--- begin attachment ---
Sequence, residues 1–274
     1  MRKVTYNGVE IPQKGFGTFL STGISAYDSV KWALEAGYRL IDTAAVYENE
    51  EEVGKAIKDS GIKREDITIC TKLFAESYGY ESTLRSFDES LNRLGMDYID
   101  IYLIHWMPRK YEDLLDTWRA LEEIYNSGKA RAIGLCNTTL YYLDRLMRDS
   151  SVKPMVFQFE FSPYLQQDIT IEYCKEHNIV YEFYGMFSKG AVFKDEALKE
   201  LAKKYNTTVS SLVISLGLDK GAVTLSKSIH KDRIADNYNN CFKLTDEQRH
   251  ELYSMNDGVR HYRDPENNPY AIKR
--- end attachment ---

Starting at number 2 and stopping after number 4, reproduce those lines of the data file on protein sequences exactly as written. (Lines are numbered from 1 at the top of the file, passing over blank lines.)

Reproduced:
     1  MRKVTYNGVE IPQKGFGTFL STGISAYDSV KWALEAGYRL IDTAAVYENE
    51  EEVGKAIKDS GIKREDITIC TKLFAESYGY ESTLRSFDES LNRLGMDYID
   101  IYLIHWMPRK YEDLLDTWRA LEEIYNSGKA RAIGLCNTTL YYLDRLMRDS